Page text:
Ministry Pledges to Make Semnan Road Safe for Cheetahs

More than 60% of Asiatic cheetah roadkills in the past 10 years have occurred on the dangerous Abbasabad-Shahroud road
Only about 50 cheetahs remain in the wild, all of which are in Iran. (Photo: Masoud Mokhtari)Only about 50 cheetahs remain in the wild, all of which are in Iran. (Photo: Masoud Mokhtari)

The Ministry of Roads and Urban Development has pledged to make the Abbasabad-Shahroud road safe for cheetahs in Semnan Province, an official at the the Department of Environment said.

Speaking to ISNA, Majid Kharrazian Moqaddam, the head of DOE's Wildlife and Biodiversity Office, said the ministry has promised to allocate 10 billion rials ($266,000) for the purpose.

"Road accidents are the second most common cause of death of Asiatic cheetahs, second only to poaching," he added.

The deadly route forms part of the busy Tehran-Mashhad road.

According to DOE, more than 60% of all cheetah road deaths in the past 10 years have been caused by accidents on this route.

Moqaddam said extensive studies have been conducted in the region and suggestions on how to make the road safer for cheetahs have been submitted to the ministry.

"Similar studies have been conducted in Yazd Province, but we had to postpone studies in Fars Province to later this year due to lack of funds," he added.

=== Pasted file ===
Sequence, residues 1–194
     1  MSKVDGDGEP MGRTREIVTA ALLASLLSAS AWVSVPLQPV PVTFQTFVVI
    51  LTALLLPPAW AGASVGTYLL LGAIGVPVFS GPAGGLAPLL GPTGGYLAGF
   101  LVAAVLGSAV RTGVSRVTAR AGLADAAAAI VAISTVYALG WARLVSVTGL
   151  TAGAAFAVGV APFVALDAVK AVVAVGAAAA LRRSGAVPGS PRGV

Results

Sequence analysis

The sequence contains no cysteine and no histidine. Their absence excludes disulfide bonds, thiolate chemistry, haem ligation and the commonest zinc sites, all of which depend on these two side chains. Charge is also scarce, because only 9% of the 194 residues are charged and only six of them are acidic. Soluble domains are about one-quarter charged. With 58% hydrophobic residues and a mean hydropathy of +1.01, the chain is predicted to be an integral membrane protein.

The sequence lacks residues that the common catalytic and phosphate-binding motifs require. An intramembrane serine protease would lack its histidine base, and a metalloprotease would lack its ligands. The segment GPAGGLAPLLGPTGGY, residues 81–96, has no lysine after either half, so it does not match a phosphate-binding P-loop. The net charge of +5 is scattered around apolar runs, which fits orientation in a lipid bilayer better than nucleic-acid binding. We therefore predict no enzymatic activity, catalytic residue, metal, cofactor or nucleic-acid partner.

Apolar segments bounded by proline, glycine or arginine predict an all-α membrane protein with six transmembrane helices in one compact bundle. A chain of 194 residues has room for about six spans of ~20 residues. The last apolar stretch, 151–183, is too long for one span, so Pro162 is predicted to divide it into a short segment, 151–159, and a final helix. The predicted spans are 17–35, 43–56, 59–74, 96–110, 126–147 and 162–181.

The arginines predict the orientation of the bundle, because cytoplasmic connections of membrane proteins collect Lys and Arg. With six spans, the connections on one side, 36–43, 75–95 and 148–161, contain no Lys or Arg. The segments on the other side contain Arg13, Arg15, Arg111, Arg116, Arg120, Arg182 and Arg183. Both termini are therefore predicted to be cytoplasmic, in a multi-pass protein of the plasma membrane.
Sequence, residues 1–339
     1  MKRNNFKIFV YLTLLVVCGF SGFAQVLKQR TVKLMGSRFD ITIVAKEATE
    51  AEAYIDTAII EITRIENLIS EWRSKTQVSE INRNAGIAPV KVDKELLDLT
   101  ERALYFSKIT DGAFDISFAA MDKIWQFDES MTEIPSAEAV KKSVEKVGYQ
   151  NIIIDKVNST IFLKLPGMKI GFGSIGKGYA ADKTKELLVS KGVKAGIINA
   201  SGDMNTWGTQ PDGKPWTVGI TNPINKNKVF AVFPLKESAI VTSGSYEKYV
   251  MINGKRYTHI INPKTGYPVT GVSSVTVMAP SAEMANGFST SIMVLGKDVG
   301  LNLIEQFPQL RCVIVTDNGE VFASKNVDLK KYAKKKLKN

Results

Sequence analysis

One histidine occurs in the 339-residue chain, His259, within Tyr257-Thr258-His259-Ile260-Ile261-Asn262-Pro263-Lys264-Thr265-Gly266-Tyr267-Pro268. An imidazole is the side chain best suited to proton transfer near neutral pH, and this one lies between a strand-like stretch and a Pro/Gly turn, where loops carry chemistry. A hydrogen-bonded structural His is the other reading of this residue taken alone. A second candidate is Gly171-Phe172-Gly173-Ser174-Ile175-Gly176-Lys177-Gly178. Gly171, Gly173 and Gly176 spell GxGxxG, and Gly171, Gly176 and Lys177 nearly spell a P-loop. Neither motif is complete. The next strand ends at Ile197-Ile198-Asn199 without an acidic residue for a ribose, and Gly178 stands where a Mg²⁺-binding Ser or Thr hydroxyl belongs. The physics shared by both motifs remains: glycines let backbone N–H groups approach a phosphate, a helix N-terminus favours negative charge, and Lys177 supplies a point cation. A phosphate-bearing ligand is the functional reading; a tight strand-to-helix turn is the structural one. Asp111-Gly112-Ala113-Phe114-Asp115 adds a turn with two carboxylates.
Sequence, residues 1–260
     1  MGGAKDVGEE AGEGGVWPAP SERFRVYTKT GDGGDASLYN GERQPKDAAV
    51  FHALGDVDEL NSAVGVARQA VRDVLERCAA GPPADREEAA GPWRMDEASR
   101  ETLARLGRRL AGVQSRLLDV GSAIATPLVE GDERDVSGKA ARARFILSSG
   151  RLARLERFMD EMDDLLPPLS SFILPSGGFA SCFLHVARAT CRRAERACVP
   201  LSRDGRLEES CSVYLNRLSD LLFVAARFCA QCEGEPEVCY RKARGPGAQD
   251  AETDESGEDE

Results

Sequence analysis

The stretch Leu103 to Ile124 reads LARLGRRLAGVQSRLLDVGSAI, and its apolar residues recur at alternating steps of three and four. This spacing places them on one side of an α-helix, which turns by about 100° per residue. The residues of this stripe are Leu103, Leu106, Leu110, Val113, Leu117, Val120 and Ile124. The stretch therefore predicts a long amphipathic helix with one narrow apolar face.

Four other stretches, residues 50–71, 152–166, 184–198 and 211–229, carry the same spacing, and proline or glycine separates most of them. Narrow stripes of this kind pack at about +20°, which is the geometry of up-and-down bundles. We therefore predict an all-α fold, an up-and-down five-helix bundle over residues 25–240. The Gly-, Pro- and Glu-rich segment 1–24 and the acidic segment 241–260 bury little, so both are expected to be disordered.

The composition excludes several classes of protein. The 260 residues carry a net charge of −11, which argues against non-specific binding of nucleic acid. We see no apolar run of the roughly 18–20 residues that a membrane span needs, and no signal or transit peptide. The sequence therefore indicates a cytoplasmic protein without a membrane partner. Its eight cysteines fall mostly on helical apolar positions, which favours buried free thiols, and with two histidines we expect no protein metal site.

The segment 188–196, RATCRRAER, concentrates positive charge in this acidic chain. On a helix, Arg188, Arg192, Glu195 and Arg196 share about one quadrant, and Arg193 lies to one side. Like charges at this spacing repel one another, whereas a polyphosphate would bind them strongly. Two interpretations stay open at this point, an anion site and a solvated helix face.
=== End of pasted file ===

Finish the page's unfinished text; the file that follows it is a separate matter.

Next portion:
The official criticized the lack of environmental assessment studies in road construction projects, arguing that these studies help protect animals and are cost-effective.

"In the past, no attention was paid to the environmental impact of development projects; now we're paying the price," Moqaddam said.

With only about 50 cheetahs left in the wild—all of which are in Iran—every death reduces the population by 2%.

In Iran, the cheetah’s dramatic population decline is attributed to a host of factors, including poaching, road accidents and loss of habitat of two gazelle species, which it preys on.

In addition to manmade threats, the Asiatic cheetah’s survival is impacted by larger predators. Despite being fast, the cheetahs lack physical strength, rendering them vulnerable to larger animals in a face-off.

Found mainly in Iran’s vast central desert, the animal is also threatened by the country’s prolonged struggle with drought and water shortage.

The International Union for Conservation of Nature lists Asiatic cheetah as a critically endangered species, the highest risk category assigned by IUCN for wild species, which means it is facing the risk of extinction in the wild.

In an effort to raise public awareness and sensitivity for the preservation of the species, the government has sought to turn Asiatic cheetah into a national symbol. The appearance of an image of the animal on the national football team’s jersey is but one example.

Add new comment

Read our comment policy before posting your viewpoints